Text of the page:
Edward Sapir (18841939). Language: An Introduction to the Study of Speech. 1921.
We may venture to surmise that while whom will ultimately disappear from English speech, locutions of the type Whom did you see? will be obsolete when phrases like The man whom I referred to are still in lingering use. It is impossible to be certain, however, for we can never tell if we have isolated all the determinants of a drift. In our particular case we have ignored what may well prove to be a controlling factor in the history of who and whom in the relative sense. This is the unconscious desire to leave these words to their interrogative function and to concentrate on that or mere word order as expressions of the relative (e. g., The man that I referred to or The man I referred to). This drift, which does not directly concern the use of whom as such (merely of whom as a form of who), may have made the relative who obsolete before the other factors affecting relative whom have run their course. A consideration like this is instructive because it indicates that knowledge of the general drift of a language is insufficient to enable us to see clearly what the drift is heading for. We need to know something of the relative potencies and speeds of the components of the drift.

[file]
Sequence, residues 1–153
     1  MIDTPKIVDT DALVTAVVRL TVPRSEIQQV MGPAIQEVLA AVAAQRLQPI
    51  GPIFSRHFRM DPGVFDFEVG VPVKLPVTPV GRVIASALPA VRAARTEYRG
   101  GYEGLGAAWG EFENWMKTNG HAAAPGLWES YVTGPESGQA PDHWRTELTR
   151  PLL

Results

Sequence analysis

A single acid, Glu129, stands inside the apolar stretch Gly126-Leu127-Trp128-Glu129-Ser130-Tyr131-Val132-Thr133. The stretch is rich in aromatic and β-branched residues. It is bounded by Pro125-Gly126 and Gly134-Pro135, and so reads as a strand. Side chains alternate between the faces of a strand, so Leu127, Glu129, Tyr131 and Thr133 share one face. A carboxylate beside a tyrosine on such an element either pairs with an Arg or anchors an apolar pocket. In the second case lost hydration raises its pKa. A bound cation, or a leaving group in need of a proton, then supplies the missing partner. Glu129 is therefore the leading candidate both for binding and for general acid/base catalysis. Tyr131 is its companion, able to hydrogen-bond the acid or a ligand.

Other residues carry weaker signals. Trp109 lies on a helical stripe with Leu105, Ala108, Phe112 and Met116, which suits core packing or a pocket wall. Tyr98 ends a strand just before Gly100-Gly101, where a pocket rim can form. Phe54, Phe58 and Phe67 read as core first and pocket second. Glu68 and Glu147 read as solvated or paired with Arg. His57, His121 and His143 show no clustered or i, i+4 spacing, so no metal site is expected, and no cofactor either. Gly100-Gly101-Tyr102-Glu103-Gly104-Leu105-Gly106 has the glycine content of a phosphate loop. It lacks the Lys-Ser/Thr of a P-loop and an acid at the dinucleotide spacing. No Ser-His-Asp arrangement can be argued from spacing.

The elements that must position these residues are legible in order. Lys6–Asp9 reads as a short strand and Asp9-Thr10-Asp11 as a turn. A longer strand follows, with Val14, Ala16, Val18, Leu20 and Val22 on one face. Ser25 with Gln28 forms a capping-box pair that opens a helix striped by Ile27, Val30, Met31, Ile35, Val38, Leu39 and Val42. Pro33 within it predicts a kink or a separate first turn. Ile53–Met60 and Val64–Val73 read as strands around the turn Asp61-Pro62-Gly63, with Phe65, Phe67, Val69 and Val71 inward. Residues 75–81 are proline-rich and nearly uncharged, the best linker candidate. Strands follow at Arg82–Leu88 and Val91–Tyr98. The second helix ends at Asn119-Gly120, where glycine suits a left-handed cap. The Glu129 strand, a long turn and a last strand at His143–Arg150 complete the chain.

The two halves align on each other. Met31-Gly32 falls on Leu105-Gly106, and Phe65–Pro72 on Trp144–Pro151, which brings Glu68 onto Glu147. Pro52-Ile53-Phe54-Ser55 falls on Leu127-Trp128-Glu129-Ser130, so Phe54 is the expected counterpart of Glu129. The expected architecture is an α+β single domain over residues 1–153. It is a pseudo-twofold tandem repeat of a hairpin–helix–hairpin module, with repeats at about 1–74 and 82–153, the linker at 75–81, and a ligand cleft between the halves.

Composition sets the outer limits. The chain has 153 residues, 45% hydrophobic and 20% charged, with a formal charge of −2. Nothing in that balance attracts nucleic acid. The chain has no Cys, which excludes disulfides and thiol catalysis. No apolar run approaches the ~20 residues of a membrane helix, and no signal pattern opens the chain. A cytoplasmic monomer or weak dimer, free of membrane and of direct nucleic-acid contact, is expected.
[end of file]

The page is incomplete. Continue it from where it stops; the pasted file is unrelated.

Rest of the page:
It is hardly necessary to say that the particular drifts involved in the use of whom are of interest to us not for their own sake but as symptoms of larger tendencies at work in the language. At least three drifts of major importance are discernible. Each of these has operated for centuries, each is at work in other parts of our linguistic mechanism, each is almost certain to continue for centuries, possibly millennia. The first is the familiar tendency to level the distinction between the subjective and the objective, itself but a late chapter in the steady reduction of the old Indo-European system of syntactic cases. This system, which is at present best